PeTra: A Novel Computer Code for Simulation of Slug Flow
- M. Larsen (Institute for Energy Technology) | E. Hustvedt (Statoil) | P. Hedne (Statoil) | T. Straume (Institute for Energy Technology)
- Document ID
- Society of Petroleum Engineers
- SPE Annual Technical Conference and Exhibition, 5-8 October, San Antonio, Texas
- Publication Date
- Document Type
- Conference Paper
- 1997. Society of Petroleum Engineers
- 5.3.2 Multiphase Flow, 4.2 Pipelines, Flowlines and Risers, 4.1.2 Separation and Treating, 4.1.5 Processing Equipment, 6.1.5 Human Resources, Competence and Training
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This paper presents a new transient code, PeTra (Petroleum Transport), specially designed for tracking slugs and pigs in multiphase pipelines. PeTra is a one dimensional three-phase flow model using separate mas and momentum equations for gas, oil and water. A staggered mesh and a first order Eulerian implicit time integration method are applied. The PeTra code has been developed in C++ using object-oriented methods. A major feature in PeTra is an adaptive and moving grid together with a fully integrated slug/pig tracking model. The slug tracking model enables tracking of slug fronts and tails without numerical diffusion and provides direct information about slug lengths. The use of a moving grid improves and simplifies the modelling and numerical tracking of liquid slugs. The slug tracking model controls the grid movement and also adjusts the grid to be optimal at all times, based on a user given coarse initial grid.
This paper discusses the applied techniques in this novel code and compares its slug tracking capabilities with experimental data and field data.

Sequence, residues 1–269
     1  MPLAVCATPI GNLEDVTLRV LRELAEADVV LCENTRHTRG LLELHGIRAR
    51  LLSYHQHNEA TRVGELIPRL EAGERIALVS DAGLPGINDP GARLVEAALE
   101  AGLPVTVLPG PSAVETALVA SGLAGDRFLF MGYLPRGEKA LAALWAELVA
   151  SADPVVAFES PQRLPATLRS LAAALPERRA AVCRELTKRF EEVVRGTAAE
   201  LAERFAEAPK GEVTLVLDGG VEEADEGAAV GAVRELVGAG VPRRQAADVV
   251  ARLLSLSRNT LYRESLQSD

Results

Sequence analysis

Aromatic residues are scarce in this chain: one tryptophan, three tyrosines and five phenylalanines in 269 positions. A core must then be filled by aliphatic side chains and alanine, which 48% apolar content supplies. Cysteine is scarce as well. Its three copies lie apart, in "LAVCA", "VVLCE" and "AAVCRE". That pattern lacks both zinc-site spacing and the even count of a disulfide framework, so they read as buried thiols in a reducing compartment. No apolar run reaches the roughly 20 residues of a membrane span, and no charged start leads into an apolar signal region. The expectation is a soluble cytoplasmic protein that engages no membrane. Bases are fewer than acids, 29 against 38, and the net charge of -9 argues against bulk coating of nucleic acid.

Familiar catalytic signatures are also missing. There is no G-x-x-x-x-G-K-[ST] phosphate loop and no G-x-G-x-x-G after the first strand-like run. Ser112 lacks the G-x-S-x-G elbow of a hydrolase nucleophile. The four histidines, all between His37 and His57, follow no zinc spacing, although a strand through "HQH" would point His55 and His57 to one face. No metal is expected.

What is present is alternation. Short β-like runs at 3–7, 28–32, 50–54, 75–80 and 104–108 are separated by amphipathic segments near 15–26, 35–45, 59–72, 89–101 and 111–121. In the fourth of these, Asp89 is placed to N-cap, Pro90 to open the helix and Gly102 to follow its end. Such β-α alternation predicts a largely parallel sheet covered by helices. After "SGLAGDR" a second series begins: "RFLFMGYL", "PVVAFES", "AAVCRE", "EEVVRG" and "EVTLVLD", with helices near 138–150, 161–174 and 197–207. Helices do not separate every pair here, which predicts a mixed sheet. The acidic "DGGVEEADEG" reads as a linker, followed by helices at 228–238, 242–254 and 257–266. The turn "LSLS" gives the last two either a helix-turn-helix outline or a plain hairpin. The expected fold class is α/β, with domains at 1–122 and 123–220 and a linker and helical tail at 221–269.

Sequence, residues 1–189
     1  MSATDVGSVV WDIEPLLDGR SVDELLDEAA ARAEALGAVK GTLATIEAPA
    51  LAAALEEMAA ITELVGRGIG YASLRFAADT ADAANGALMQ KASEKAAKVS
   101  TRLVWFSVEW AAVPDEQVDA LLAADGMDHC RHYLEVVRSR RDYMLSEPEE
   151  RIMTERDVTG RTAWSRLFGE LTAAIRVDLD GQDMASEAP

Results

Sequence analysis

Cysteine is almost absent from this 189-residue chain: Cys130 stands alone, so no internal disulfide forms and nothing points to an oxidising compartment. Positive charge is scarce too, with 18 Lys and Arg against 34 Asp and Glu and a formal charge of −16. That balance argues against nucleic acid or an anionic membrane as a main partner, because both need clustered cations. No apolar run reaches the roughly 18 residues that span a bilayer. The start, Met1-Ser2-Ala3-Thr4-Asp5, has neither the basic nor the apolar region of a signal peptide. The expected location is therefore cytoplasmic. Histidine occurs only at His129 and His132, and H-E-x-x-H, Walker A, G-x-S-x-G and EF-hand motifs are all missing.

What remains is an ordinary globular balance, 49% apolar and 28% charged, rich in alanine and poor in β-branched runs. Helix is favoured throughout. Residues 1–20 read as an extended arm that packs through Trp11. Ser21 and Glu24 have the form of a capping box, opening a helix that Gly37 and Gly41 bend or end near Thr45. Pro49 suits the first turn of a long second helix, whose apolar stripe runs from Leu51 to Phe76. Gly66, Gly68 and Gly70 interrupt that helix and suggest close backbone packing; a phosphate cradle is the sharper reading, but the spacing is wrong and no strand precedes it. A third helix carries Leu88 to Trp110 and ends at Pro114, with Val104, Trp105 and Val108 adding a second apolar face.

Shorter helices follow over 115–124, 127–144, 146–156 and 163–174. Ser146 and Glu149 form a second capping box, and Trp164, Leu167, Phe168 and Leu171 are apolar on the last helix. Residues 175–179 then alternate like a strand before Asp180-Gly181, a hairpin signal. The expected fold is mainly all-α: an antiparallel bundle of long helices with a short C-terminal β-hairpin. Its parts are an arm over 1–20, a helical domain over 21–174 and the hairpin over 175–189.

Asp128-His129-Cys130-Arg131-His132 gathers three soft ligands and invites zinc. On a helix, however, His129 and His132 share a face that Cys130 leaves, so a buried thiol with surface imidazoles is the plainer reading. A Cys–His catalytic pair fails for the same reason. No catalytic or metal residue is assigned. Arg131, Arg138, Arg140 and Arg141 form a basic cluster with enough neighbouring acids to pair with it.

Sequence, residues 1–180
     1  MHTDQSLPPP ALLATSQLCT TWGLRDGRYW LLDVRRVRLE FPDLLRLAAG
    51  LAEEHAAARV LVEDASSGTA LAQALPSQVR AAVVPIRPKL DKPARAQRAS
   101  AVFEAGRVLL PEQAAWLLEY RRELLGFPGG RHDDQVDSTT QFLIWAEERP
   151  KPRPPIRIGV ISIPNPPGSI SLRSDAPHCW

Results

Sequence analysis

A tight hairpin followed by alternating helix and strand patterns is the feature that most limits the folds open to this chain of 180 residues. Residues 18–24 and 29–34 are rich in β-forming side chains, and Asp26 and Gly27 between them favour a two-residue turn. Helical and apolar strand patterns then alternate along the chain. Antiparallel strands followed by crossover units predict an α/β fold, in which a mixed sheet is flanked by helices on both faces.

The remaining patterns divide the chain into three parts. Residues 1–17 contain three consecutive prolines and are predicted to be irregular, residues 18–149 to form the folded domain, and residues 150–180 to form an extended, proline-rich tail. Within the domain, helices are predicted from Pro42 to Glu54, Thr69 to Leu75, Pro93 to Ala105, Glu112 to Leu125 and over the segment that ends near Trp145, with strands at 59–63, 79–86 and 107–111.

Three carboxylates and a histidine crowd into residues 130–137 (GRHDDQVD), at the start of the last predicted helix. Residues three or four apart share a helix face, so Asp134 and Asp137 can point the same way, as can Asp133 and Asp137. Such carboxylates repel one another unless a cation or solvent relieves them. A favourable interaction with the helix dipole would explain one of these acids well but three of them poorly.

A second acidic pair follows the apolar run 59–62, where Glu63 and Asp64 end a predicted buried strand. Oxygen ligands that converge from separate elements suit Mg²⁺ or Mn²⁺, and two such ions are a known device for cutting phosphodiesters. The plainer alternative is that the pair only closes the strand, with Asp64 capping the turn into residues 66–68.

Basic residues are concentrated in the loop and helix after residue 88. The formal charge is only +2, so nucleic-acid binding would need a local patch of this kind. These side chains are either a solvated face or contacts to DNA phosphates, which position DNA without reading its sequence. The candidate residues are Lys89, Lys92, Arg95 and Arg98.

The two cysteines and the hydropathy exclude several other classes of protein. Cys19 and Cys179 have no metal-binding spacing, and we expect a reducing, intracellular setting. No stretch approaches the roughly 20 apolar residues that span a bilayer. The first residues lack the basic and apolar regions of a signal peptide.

Slug flow is a common flow pattern in hilly terrain multiphase pipelines. It is an unsteady flow regime and may cause large variations in liquid holdup and pressure drop in the pipeline. Large slugs or slug trains leaving the pipeline can lead to severe disturbances in the downstream process facilities. To ensure optimum design and operation of the pipeline and the process equipment the size and frequency of these slugs must be predicted.
Most general purpose transient multiphase design codes use an Eulerian formulation on a fixed grid and treat slug flow in an averaged manner, e.g. OLGA, PLAC, TACITE. This method is adequate for general liquid holdup and pressure drop prediction in pipelines, but improvements can be made for large slugs travelling long distances as these are prone to numerical diffusion. Another weakness of such general multiphase model is difficulties of implementing physical relations for the behaviour of the gas-liquid fronts, propagation velocity of bubbles and gas mixing into a liquid front
In a Lagrangian slug flow model, numerical diffusion can be avoided and relations for front and bubble velocities together with gas entrainment relations can be implemented directly.
In a dynamic Lagrangian model for two phase slug flow in pipelines is presented. Here slugs and bubbles are tracked individually. The slugs are assumed free of gas and relations for the behaviour of the borders, either bubble nose or liquid front, are implemented. The liquid velocity in the slugs is determined from a force balance over each slug with moving boundaries while the liquid volume fraction and velocity under the bubble is determined using a liquid mass balance and a force balance. The model has been implemented in C++ using object-oriented techniques. Dynamic memory allocation and linked lists have been used. This simplifies the bookkeeping when tracking the slug and bubble as slugs may be initiated or removed dynamically during the simulation. Another Lagrangian two phase slug model is presented in . This is a model capable of tracking a slug train past a pipe bend. The model can track each individual slug and bubble and new slugs can be created at bends with a sink/source procedure in the mass equations. Relations for the bubble and slug front velocity are implemented, but the model suffers from several limitations. Constant mixture volumetric flux is assumed at all pipe locations and the velocity of the liquid layer under the bubble is given a constant absolute value, depending on the pipe inclination.
The OLGA code contains a slug tracking option that superimposes a Lagrangian front tracking model on the Eulerian scheme.
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